Rosier outlook for mums-to-be

ROSY Buchanan’s office is quiet two days into her first week as Warrnambool’s women’s health specialist. 

But she doesn’t expect it to stay that way. 

The obstetrician gynaecologist is the region’s latest medical specialist to move into a practice at St John of God Hospital. 

On Monday she saw just four patients — a far cry from her last office in Mildura where the number averaged between 30 to 40 a day. 

“I expect it won’t be that busy here, but it will get a lot busier,” Dr Buchanan assures. 

Warrnambool, like many regional cities, has struggled to keep obstetricians who are often needed to handle complicated pregnancies. 

“Warrnambool has varied wildly between having too many and now in the current situation where there’s not enough,” Dr Buchanan said.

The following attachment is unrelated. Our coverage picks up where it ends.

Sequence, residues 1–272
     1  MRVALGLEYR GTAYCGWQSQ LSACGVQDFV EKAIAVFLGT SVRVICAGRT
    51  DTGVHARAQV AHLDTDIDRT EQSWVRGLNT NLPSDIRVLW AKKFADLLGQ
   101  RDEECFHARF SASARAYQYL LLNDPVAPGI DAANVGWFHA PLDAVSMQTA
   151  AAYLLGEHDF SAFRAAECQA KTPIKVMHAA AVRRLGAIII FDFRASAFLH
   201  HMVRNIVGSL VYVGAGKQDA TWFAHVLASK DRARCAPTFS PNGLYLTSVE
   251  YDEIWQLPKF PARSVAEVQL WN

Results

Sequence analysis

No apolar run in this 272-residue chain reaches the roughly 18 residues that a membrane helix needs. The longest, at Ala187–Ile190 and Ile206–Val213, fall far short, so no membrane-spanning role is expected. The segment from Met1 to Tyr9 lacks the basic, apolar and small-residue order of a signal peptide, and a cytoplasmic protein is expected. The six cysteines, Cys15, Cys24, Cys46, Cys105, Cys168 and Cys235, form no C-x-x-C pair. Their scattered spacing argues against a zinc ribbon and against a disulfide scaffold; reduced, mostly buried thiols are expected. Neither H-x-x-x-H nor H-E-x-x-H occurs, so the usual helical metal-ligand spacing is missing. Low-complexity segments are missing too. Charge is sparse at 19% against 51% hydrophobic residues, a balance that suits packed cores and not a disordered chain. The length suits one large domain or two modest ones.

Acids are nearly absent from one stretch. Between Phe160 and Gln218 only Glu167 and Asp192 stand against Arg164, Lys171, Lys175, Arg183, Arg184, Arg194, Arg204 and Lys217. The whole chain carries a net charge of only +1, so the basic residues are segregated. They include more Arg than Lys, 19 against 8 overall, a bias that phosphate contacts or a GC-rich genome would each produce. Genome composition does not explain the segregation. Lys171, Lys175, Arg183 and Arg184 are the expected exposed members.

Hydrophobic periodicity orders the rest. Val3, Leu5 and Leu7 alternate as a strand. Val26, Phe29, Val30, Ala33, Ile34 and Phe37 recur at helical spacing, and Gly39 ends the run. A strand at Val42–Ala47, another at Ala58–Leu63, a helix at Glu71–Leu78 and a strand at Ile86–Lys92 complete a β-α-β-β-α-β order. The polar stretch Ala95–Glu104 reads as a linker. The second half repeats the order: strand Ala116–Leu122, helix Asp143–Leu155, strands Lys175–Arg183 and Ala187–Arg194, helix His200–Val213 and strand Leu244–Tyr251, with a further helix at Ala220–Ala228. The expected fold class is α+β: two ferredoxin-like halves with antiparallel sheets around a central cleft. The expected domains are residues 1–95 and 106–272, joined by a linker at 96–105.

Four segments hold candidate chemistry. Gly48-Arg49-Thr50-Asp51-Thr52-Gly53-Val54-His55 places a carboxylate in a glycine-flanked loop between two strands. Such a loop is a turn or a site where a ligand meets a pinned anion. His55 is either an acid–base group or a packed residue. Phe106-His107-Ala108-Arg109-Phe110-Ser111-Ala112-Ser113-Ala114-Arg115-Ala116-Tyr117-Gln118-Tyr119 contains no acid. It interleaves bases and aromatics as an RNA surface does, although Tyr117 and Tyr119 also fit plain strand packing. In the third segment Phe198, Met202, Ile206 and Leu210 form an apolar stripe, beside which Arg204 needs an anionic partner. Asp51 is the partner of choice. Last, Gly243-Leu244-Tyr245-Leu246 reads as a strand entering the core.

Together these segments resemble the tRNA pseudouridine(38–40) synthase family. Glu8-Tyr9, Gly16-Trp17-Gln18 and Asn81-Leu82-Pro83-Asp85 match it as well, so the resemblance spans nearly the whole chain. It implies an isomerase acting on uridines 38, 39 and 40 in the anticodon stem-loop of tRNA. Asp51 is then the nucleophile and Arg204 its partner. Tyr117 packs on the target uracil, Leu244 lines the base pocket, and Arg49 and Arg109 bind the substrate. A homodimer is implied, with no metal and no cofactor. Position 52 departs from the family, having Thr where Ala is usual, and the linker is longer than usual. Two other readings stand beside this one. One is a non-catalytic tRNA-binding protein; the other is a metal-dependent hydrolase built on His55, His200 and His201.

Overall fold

“My waiting list isn’t too bad but the others who work in private have six-month waiting lists because there’s not enough of us.” 

Dr Buchanan’s work will be shared between South West Healthcare for pregnancies and women’s health at the private clinic. 

“The vast majority of women have an uncomplicated pregnancy but we’re there for the ones where things don’t go according to plan,” Dr Buchanan said. 

“Sometimes it’s very stressful but most of the time it’s a great job because everyone is happy and they’re having a baby. 

“That’s one of the reasons I loved it so much because you go from looking after people who are sick to people who are basically well and are delighted with the outcome most of the time.”

On-call hours are a major factor in attracting specialists. 

“That’s one of the reasons why country towns in particular struggle to get obstetricians because the on-call is quite arduous. Pregnant women can go into labour at any time,” Dr Buchanan said. 

“You may be up all night on an on-call night and still expected to work the following day.” 

Smartphone
Tablet - Narrow
Tablet - Wide
Desktop